The Space Show is a project of the One Giant Leap Foundation.

The Space Show - David Livingston
The Space Show – David Livingston

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Space policy roundup – Dec.9.2019

A sampling of links to recent space policy, politics, and government (US and international) related space news and resource items that I found of interest (find previous space policy roundups here):

Webcasts:

** Space Policy Edition: The Biggest Policy Moments of the Decade (with Marcia Smith) | The Planetary Society

As the 2010s come to a close, Marcia Smith, the founder of Space Policy Online, rejoins the show to explore the most significant and impactful space policy decisions of the 2010s. Mat and Casey also discuss the recently-approved European Space Agency budget, and what it means for planetary defense and Mars sample return efforts.

** Episode 0113: Dr. Mary Lynne Dittmar | The Center for Space Commerce and Finance

Dr. Mary Lynne Dittmar is the Coalition for Deep Space Exploration president & CEO. Supportive parents & being part of the Apollo generation fostered her love for space. But it wasn’t until later in her career that she believed she could have a professional impact on the industry. Fast forward to today and she’s one of the most renowned strategic thinkers in Space & a highly regarded technical expert with a boldness you’ll respect, admire & love. Discover how she did it & how she continues to pay it forward.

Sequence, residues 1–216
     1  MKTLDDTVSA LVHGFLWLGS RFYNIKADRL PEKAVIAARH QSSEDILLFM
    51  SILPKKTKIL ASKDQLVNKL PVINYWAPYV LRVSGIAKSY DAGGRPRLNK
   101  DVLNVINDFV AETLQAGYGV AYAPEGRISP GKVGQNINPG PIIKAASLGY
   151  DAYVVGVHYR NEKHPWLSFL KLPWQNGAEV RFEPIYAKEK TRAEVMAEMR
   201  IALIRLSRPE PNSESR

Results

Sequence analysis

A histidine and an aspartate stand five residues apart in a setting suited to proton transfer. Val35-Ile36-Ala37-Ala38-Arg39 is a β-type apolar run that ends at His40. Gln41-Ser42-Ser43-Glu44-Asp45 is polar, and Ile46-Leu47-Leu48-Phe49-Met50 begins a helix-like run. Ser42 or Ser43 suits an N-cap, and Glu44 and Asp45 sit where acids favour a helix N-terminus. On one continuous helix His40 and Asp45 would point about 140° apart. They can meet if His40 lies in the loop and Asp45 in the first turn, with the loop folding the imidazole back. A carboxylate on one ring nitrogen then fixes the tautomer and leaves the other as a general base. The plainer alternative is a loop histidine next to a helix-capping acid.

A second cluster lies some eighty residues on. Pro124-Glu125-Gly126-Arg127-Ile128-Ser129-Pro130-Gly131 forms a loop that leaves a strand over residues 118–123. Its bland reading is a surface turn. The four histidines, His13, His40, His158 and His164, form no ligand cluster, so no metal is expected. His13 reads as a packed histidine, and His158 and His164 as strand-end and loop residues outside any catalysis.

** Episode T+140: Launch Protests and Lander Hopefuls – Main Engine Cut Off

Blue Origin successfully protested the US Air Force’s RFP for the National Security Space Launch program, which will have big implications for the way the current round of contract awards plays out. NASA added five new providers to the Commercial Lunar Payload Services program, including SpaceX and Blue Origin, and I’ve got some thoughts about the inclusion of those options in what is quickly becoming my favorite NASA program.

** Town Hall with Administrator Bridenstine and NASA’s New HEO Associate Administrator Douglas Loverro